The wind, with its ghostly howl and invisible capacity to inflict damage, has always made for an uncanny subject. But it took Bradbury’s “The Wind” to draw such ideas into a dread-inspiring narrative, one that changes the reader’s perspective about gusts of air forevermore. The structure of the piece, which has Allin recounting his worsening domestic situation to Herb over the phone, also gives it the quality of some weird home-invasion story. However one wants to approach it, “The Wind” is chilling; Bradbury’s tempestuous tale has lost none of its impact after three-quarters of a century.


Dark Carnival 75th Anniversary Retrospective: “Uncle Einar”

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“Uncle Einar” (1947)

He was one of the few in the Family whose talent was visible. All his dark cousins and nephews and brothers hid in small towns across the world, did unseen mental things or things with witch-fingers and white teeth, or blew down the sky like fire-leaves, or loped in forests like moon-silvered wolves. They lived comparatively safe from normal humans. Not so a man with great green wings.

The titular man-bat’s career of “flying Family errands” comes to a crashing halt while returning to Europe following a Homecoming celebration in Mellin Town, Illinois, one Halloween: drunk on “too much rich crimson wine,” Einar flies right into a “high tension tower.” This jolting experience robs him of his “delicate night-perception,” and effectively grounds him (since he’s loathe to take wing during daytime, for fear of being shot out of the air or turned into a zoo exhibit upon discovery). So now even though Einar has settled down with a family of his own, he is fed up with domestic life, with being reduced to a fanner of children and air-dryer of his wife’s laundry. But in the story’s climax, Einar transcends his bitter, brooding existence. Encouraged by his children to come watch their merriment at a festival, an ecstatic Einar realizes he can return to the skies and fly freely during daytime by cleverly disguising himself as a kite.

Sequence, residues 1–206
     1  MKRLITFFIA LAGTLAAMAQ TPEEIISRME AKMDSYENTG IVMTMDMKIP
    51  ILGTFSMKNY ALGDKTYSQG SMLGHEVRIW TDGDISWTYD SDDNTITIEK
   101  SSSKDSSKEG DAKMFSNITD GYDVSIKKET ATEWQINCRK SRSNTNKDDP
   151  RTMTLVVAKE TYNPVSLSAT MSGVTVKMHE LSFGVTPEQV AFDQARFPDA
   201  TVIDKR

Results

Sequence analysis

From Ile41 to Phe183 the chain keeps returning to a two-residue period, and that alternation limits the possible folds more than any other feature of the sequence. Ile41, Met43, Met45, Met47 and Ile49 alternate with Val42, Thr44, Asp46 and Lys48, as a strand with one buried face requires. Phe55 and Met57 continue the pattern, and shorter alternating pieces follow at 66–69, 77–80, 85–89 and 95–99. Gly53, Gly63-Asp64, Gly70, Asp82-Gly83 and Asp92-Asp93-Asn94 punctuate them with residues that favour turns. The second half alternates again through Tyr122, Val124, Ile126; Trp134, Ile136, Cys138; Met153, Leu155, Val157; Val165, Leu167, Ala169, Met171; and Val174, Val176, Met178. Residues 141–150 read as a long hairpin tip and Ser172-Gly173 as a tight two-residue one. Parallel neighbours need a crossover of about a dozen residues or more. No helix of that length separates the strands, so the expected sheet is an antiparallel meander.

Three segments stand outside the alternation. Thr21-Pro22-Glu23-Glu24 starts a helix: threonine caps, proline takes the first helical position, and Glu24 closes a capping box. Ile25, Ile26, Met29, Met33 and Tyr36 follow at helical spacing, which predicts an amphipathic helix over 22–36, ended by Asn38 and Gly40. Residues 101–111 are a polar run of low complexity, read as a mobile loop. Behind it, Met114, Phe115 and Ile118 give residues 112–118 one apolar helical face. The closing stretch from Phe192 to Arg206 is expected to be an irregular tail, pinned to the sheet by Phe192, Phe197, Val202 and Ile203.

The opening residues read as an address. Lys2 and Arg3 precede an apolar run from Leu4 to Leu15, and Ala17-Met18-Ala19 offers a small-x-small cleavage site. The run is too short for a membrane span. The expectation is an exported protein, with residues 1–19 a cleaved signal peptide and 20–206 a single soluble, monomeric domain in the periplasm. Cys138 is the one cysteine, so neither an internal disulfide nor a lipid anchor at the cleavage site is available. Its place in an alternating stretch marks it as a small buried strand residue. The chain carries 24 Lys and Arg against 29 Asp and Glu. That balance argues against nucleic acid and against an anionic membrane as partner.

“Uncle Einar” evinces fantasy’s capacity to broaden horizons and expand the experiences of real-world-bound readers; Einar entertains his wingless offspring with “wild starlit tales of island clouds and ocean skies and textures of mist and wind and how a star tastes melting in your mouth, and how to drink cold mountain air, and how it feels to be a pebble dropped from Mt. Everest, turning to a green bloom, flowering your wings just before you strike bottom!” Lighter and decidedly less dire than Bradbury’s other Dark Carnival offerings, the tale strikes such positive themes as the acceptance of difference (Einar’s wife Brunilla sees nothing monstrous whatsoever about him) and the refusal to be limited by so-called disability. Short and sweet, sentimental yet not saccharine, this story of soaring imagination has lost none of its wonderful flavor over the past seventy-five years.


Dark Carnival 75th Anniversary Retrospective: “Let’s Play ‘Poison'”

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Let’s Play ‘Poison'” (1946)